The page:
In 2019, Michael Apted and Martin Scorsese were honoured at the tenth edition of DOC NYC with Lifetime Achievement Visionary Tribute Awards. I first met Michael Apted (director of The World Is Not Enough; Gorillas In The Mist; Coal Miner's Daughter; Enigma; Gorky Park; Extreme Measures; Amazing Grace, and the Up series of documentaries) when I was invited up to BritBox for a conversation on his latest film 63 Up.
After receiving the news of Michael Apted’s passing on Thursday, January 7, 2021, at the age of 79, I reached out to photographer/director Timothy Greenfield-Sanders (Toni Morrison: The Pieces I Am and Lou Reed: Rock And Roll Heart) for a remembrance of the filmmaker. In November of 2019, Timothy wrote to me that he had recently photographed Michael after I mentioned that I would be doing a Q&A with the director following the opening night US theatrical premiere of 63 Up at Film Forum.
Timothy Greenfield-Sanders on his photo of Michael Apted: “His profile seemed to say so much about his innate grace and the enormous kindness that he possessed.” Photo: © 2019 Timothy Greenfield-Sanders
Curious and quick on his feet, nothing escaped Michael Apted during our conversations. He was immensely present and his dry sense of humour kept me on my toes as well. He joked that if I didn’t behave with my questions, there’d be a trap door waiting for me, enjoyed my Virginia Woolf references to the structures of time in his work, and wanted a copy of the photo of me at age 7, that I had brought along to talk about the famous Jesuit axiom which begins each instalment of his Up series of documentaries.
At BritBox over coffee, I asked Michael who he was at seven. He replied “Who was I? Very quiet. I was the oldest of three children. Lived in a bungalow in Ilford in Essex, Redbridge, to be precise. Had a sister and a brother, and I was quite good at school. My father had gone to a good school in London, City of London School. So I got in when I was 11. That meant that I had to travel up to London every day of my school life, get on the tube, the Central Line, and go into central London to Blackfriars and get off there and go to school. And so I learned a lot about the world.”
Michael told me: “Whatever I've done, whether it's James Bond or whatever, I've always tried to be authentic about it. That's the residue of starting out doing documentaries. After Seven Up! was done, I went to Granada and said ‘I want to do Coronation Street.’”
Here is Timothy Greenfield-Sanders’ tribute and his beautiful photograph of Michael Apted:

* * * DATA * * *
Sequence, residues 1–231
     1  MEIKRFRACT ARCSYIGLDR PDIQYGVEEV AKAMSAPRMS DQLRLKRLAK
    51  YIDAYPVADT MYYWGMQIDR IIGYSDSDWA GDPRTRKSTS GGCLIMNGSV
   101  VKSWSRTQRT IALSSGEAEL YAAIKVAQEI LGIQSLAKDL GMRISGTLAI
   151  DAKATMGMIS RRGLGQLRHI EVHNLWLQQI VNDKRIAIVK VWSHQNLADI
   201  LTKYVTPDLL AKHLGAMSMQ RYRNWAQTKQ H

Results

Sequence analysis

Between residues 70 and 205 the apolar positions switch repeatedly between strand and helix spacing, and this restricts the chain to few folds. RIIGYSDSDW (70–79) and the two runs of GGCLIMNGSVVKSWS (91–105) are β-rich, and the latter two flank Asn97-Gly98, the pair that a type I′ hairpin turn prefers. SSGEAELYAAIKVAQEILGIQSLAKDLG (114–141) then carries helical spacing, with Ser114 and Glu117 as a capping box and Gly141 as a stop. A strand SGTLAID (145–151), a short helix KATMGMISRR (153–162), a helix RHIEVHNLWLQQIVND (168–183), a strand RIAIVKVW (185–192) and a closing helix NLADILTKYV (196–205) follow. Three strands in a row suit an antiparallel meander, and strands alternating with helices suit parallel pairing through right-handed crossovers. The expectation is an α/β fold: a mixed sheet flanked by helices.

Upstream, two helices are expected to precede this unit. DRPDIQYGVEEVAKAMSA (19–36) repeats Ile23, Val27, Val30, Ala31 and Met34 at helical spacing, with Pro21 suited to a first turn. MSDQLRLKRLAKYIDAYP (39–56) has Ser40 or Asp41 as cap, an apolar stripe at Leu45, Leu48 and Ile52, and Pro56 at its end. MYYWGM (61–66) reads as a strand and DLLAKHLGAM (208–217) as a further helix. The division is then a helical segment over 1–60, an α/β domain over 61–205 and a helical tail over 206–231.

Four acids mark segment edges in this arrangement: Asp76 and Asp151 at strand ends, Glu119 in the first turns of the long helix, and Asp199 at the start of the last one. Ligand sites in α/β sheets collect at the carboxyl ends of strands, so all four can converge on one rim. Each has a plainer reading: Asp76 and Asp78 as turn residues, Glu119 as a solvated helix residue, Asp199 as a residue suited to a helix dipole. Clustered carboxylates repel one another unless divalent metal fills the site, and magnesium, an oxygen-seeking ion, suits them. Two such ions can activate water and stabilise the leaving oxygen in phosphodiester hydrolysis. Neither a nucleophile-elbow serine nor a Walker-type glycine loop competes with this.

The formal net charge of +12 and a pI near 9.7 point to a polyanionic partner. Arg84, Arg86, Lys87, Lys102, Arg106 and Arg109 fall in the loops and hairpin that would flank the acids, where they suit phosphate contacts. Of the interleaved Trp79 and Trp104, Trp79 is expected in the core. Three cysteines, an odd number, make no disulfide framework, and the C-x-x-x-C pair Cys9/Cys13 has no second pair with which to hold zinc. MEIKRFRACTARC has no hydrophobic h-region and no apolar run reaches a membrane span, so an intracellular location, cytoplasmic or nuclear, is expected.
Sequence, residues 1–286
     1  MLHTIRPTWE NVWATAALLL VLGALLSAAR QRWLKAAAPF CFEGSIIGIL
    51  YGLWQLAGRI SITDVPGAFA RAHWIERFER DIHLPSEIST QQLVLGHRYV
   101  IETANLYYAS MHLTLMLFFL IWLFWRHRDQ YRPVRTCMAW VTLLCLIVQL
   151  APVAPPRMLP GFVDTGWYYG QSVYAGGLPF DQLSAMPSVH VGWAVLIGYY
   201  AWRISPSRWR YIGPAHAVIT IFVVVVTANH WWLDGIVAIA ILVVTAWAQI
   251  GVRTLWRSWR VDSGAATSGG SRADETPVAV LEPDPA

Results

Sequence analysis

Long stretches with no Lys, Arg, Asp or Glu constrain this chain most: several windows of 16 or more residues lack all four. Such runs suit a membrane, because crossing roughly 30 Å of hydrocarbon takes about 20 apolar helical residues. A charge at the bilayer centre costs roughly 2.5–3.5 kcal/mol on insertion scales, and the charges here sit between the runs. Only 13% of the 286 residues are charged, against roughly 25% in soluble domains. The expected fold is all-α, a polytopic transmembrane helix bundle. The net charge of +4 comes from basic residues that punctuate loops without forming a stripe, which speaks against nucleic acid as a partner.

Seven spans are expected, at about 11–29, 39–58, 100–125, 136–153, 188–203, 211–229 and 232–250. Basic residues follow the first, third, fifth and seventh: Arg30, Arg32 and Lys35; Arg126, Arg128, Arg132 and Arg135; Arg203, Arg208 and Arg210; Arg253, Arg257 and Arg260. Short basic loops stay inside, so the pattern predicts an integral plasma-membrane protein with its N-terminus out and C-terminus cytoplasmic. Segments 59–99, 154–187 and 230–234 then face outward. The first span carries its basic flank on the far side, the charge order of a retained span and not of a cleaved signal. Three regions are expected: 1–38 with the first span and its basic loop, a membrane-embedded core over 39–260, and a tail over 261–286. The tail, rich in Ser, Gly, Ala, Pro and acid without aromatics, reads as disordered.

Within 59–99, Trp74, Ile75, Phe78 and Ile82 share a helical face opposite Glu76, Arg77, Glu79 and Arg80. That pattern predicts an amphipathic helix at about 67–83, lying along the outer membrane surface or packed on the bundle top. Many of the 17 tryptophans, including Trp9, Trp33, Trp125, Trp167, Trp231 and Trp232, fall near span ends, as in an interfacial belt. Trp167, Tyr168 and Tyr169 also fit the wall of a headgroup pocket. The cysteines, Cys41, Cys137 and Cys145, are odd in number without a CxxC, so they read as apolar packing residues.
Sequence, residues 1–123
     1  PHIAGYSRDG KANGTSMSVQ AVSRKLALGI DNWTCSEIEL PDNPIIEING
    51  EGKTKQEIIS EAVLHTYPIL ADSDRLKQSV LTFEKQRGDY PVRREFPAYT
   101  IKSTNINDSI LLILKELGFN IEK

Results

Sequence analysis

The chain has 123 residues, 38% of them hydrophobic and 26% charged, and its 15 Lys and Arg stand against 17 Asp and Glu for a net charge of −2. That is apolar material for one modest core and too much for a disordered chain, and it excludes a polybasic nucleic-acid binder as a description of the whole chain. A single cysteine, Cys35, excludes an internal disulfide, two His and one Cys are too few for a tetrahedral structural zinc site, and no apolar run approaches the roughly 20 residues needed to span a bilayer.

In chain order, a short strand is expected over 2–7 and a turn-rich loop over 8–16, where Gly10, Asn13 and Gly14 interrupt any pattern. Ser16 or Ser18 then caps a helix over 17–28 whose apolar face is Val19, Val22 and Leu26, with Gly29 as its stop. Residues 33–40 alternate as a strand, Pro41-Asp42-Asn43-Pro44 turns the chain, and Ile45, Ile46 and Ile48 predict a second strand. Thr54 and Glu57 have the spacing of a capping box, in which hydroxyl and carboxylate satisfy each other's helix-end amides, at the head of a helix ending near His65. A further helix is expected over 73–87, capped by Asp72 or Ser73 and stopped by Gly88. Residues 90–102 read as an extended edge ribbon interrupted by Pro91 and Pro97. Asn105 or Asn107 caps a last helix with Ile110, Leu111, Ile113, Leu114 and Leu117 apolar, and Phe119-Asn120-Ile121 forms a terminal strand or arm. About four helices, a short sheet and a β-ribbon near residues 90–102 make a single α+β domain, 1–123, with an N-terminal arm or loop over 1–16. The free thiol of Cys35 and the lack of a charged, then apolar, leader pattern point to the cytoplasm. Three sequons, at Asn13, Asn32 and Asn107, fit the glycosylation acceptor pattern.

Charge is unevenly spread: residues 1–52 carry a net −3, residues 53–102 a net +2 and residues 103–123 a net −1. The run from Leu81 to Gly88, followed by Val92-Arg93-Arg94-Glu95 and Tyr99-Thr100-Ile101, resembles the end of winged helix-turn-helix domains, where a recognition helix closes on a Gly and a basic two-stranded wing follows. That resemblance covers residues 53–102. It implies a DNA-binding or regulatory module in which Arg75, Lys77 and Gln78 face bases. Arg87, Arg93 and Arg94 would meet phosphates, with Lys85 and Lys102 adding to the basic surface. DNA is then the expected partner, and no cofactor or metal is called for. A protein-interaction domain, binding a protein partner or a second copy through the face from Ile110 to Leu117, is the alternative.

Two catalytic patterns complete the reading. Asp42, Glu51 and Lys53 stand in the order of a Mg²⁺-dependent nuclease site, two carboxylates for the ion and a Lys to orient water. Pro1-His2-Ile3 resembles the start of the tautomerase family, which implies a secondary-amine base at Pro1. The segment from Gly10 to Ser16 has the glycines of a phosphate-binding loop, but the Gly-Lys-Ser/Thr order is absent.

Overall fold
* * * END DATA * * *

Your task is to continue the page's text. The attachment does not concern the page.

“Michael Apted, elegant, with drink in hand, caught my eye at the November 2019 Critic’s Choice Awards cocktail party. I introduced myself and asked if he was in New York long enough to sit for a portrait. Unfortunately, he was heading back to England the next day, but promised to see me upon his return. Fortunately, we shared the same press people and a date was arranged.
“Two days before Thanksgiving, we first sat in my kitchen for tea, before going downstairs to the studio for a few sheets of 8x10 film. We discussed the power of documentaries and I felt awed by his accomplishments and hard work.
“I’ve shot my share of filmmakers, ranging from Orson Welles to Billy Wilder, François Truffaut, Jodie Foster, Ingmar Bergman, Amy Heckerling, Steven Spielberg and Darren Aronofsky, to name a random few. Apted fits into this list of names, with ease.
“Apted was a pleasure to photograph. Unlike many others, Apted's years behind the camera seemed to give him an undeniable confidence in front of the lens. Perhaps, unlike many others, he was actually secure in his good looks.
“The great majority of my portraits are direct to camera, with eyes in sharp focus. I rarely shoot profiles, but Michael Apted’s was so remarkable and telling, that I broke my rule. His profile seemed to say so much about his innate grace and the enormous kindness that he possessed. I think his films are a reflection of his love and deep understanding of humanity.” - Timothy Greenfield-Sanders
Michael Apted was a three-time BAFTA award-winner for 28 Up (1984), 35 Up (1991), and his episode Kisses at Fifty (#3.13) in Play for Today (1970). 63 Up was his last film. At the Critics Choice Documentary Awards in 2019, at BRIC in Brooklyn, Michael Apted received a Landmark Award for his Up series of TV documentaries.